The Future of Software Liability: How Software Vendors Can Prepare for Increasing Responsibility


As the Chief Information Security Officer at Veritas, I am keenly aware of the ever-evolving landscape of software security and the increasing responsibility placed on software vendors. In a world where cyber-attacks are growing in frequency and sophistication, it is essential for software vendors to not only deliver functional and efficient products but also ensure that they are secure and resilient.

Join me as we explore the future of software liability and provide insights on how vendors can prepare for increasing responsibility in this critical domain.


The Implications of Shifting Software Liability

In the past, software vendors have largely been shielded from liability for security breaches or flaws in their products. However, as our reliance on digital technologies increases, and with the growing impact of cyber attacks on businesses and individuals, the tide is turning. Regulators and lawmakers are now considering holding software vendors more accountable for the security of their products. We are already seeing progress made in the US with the Biden administration's National Cybersecurity Strategy, recently released, clearly shifting liability for software products and services to their creators and advocating for secure development practices.

This shift in liability has several potential implications for software vendors:

  1. Increased responsibility for software vendors: When software liability is shifted, software vendors become more responsible for ensuring that their software is secure and meets the necessary quality standards.
  2. Improved software quality: Shifting software liability can incentivize software vendors to improve the quality of their software and reduce the likelihood of defects and security vulnerabilities.
  3. Increased costs for software vendors: Shifting software liability can increase the costs for software vendors, as they may need to invest more in testing, quality assurance, and security measures to ensure that their software is secure and defect-free.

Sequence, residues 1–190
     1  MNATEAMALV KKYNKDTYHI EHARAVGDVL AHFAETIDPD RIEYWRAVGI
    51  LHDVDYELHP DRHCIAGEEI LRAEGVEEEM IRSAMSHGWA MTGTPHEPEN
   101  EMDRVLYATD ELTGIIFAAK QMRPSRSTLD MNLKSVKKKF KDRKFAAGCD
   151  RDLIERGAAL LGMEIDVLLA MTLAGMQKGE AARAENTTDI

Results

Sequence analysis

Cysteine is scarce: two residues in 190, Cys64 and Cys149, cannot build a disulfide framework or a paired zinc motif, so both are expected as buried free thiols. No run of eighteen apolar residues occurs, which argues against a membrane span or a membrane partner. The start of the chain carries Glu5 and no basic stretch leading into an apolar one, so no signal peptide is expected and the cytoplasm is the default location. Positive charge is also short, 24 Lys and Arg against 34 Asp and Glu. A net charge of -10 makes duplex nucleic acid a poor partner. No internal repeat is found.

4. Changes to software contracts and warranties: Shifting software liability may require changes to software contracts and warranties, as vendors will need to ensure that they are protected from potential lawsuits and damages resulting from software defects.
  5. Increased trust in software: Shifting software liability can increase trust in software among end-users, as they know that software vendors will be held responsible for any damages resulting from defects or vulnerabilities.
  6. Changes to the legal landscape: Shifting software liability can lead to changes in the legal landscape, as courts and lawmakers will need to adapt to new liability arrangements.

Ultimately, shifting software liability can have significant implications for software vendors, end-users, and the legal system. While it can incentivize software vendors to improve software quality and increase trust in software, it can also increase costs and require changes to software contracts and warranties. Ultimately, it is up to individual organizations to determine the best approach to software liability based on their specific needs and risk tolerance.


Recommendations for Vendors to Build Secure Software

Here are 10 best practices that organizations can follow to develop secure software applications:


  • Threat Modeling: Proactively identify potential security weaknesses in a system or application and to take measures to address them before they can be exploited by attackers. This can include identifying and addressing weaknesses in the application's design, configuration, or implementation, as well as identifying potential attack vectors and implementing appropriate security controls to mitigate these risks.
  •  Secure Coding: Essential for building secure and resilient applications. Some of the key elements include input validation, authentication and authorization, secure communication, error handling, access controls, secure configuration, and secure coding practices.